If Mr. Palmer or ranker.com or AVIC wants to call on this expertise to fend off paranormal anger, we are ready and willing to discuss premonitions in 1912 of disaster and post-sunken spirit visits from various victims.

But, for heaven’s sake, don’t call us “a re-enactor.”

Dr. William Russo, Professor Emeritus, is author of three books on Titanic, including a paranormal history. He regularly presents and lectures around New England colleges on the topic. He is available to join the Titanic II voyage! His books include Tales of a Titanic Family, Chess-Mate from Titanic, and recently, Titanic Mysteries on Mill Circle. Percival White was born and lived at Mill Circle.

Titanic Mysteries on Mill Circle

DATELINE:   Paranormal Book on Titanic!

new kindle mystery cover Richard White (picture from college yearbook).

When you live in a haunted house and create an enchanted library, you may end up with some paranormal mysteries to explain.

That is the premise of William Russo’s latest book about the spirit of a Titanic victim who shows his host both devotion and protection.

You may question why a college student who died on the Titanic would follow a retired college professor, but the overriding sense of being haunted is not demonic according to a new book about Titanic Mysteries on Mill Circle.

Psychics hint that there may be a reincarnation involved, or merely crossed wires of time and space. Whatever the cause, the effect is exhilarating:  messages and orbs fly all over the library. Russo’s path to his spirit guest crossed the lines of attending the same high school, but fifty years apart, and being members of the school chess team.

Whether you can accept DVDs thrown off shelves and other bizarre coincidences as regular daily activity, there is something definitely happening beyond normal. 

Dr. William Russo often contends that where he lives, the normal is paranormal. You may become convinced along with him.

A long-time skeptic of occult and paranormal, Russo cannot fight the barrage of evidence in his own home’s library that he has now turned over to a victim of the Titanic.

Richard Frazar White has taken up residence here and happily accepts his library as a gift. When he was a young man in 1912, he was a budding intellectual who spent time at his Aunt Julia’s library at Waikiki (the largest private library on the Hawaiian Islands in 1900). He is photographed, at the end of his life, two days before Titanic sinks, in the First-Class Reading Room of the grand ship.

And now, he has taken possession of a memorial library dedicated to him. Included in the volume are the weird anecdotes about Richard White’s ties to the art world, how Russo found Richard’s 1912 Bowdoin Bugle Yearbook, and how the orbs and noises of the library respond to his every request.

Other haunted people contact him with their own tales of connections to Richard, including a young lawyer from Brazil who was an exchange student at Bowdoin.

You may not believe it, but you cannot turn away from this page-turner.

Now available in soft-cover and e-book format on Amazon. Titanic Mysteries on Mill Circle is the final volume of the Mill Circle series, and the third volume of the continuing tales of the Titanic by the author!

William Russo’s other works include: Tales of a Titanic Family, Chess-Mate from Titanic.    Dr. Russo will teach a course on Titanic: a Local History at the CALL Program at Keene State College in the Fall term. He also will give a guest lecture at Monty Tech Continuing Education program in Fitchburg, MA, in October.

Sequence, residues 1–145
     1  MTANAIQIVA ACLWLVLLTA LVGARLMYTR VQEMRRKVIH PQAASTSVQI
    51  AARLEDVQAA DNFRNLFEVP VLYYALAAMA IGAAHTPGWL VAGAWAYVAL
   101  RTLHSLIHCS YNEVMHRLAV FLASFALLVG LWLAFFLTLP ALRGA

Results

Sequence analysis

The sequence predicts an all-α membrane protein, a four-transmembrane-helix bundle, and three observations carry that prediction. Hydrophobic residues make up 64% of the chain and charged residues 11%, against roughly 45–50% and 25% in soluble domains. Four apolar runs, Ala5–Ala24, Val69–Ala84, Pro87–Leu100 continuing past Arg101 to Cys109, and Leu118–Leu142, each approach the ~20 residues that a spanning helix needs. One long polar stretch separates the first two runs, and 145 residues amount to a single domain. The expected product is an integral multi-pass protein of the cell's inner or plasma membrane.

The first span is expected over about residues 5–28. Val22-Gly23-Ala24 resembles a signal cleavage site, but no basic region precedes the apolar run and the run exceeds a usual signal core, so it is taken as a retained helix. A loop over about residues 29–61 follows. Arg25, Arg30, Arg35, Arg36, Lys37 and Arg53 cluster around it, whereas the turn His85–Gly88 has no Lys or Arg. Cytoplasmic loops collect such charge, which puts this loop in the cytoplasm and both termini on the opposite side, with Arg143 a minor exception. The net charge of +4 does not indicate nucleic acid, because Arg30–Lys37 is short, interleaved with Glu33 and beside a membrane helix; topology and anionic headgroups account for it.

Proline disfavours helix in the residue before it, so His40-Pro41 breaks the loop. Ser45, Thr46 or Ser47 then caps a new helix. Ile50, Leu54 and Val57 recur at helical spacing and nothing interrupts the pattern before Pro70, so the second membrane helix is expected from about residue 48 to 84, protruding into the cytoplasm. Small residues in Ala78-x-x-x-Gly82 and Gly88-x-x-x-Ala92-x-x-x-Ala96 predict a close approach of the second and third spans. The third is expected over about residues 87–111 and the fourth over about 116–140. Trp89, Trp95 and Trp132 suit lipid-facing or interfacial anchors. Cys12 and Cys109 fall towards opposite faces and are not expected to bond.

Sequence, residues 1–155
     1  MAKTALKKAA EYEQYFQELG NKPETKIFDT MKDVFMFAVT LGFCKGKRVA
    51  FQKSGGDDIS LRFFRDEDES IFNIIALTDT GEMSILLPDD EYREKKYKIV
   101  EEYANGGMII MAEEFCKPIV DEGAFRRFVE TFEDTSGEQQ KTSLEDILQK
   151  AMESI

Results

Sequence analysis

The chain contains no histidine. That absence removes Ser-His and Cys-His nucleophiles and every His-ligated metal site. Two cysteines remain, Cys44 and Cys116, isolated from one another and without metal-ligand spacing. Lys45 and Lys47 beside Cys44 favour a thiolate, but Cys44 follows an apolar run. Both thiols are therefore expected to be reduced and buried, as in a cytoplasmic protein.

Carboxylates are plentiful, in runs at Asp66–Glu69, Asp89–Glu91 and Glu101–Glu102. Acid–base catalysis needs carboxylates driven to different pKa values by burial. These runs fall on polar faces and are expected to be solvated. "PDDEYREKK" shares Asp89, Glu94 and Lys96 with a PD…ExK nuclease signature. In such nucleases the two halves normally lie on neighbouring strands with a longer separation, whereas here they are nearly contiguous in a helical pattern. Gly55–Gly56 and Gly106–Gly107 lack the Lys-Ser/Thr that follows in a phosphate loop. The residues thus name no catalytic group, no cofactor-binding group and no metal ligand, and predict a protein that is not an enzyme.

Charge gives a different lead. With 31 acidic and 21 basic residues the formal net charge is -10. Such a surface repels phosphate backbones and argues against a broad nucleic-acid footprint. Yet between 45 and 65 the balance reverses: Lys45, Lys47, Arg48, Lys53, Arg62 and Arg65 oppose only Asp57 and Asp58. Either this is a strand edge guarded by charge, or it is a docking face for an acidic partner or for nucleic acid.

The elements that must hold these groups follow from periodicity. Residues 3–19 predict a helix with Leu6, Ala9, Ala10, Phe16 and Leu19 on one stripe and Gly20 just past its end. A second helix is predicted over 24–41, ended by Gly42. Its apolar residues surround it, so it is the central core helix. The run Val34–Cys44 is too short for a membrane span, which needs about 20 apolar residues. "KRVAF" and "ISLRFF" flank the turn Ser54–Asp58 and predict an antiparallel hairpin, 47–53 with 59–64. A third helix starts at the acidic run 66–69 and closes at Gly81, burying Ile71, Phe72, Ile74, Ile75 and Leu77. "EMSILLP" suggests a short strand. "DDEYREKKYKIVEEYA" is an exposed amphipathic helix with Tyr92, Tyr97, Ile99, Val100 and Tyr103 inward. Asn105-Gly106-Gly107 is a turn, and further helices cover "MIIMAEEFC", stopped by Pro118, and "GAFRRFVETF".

Truly Miss Marple: Rutherford Murders?

DATELINE:  Murder Most Foul!

Dames Margaret & Agatha

Dames Margaret Rutherford & Agatha Christie!

A little British documentary about character actress Margaret Rutherford is shocking, surprising, and ultimately saddening. If you have forgotten her dotty old ladies, she was the first movie Miss Marple.

The film has the overwhelming title: Truly Miss Marple: the Curious Case of Margaret Rutherford. The actress died in 1972 after a rapid decline in health at the height of her popularity

Agatha Christie was appalled at the folly of turning her aged detective into an eccentric comic actress, but they later enjoyed each other—to the degree that Christie dedicated The Mirror Crack’d to Rutherford.

Her acting career did not fully reach success until after age 40: she was always the costar, whether it was for John Gielgud or Edith Evans. When success came, she played old ladies who were NOT battle-axes. It was an unkind comment by interviewers. Dame Margaret was always a gentle figure of fun.

Her biggest break came with Noel Coward in Blithe Spirit, a role she almost refused because she thought it might demean spiritualists (as she was a believer).

Her indomitable English grand dames gave way in old age to the Christie character, though Margaret hated the word “Murder” in the titles of the four grand Miss Marple movies. There was a reason for her sensitivity: her father murdered her grandfather, and later, likely as a result, her mother committed suicide.

Yet, Rutherford herself was the ultimate woman of kind hearts and coronets. If there was a downside, it was her growing periods of depression. It was a losing battle, especially when dementia added to her woes.

She briefly went to Hollywood with Burton and Taylor in The VIPs and won an Oscar as a supporting actress. The Oscar disappeared after her death, stolen and on the black market, sold by a conniving housekeeper.

Miss Marple’s little murder mystery movies remain delightful, owing to Rutherford’s charismatic personality.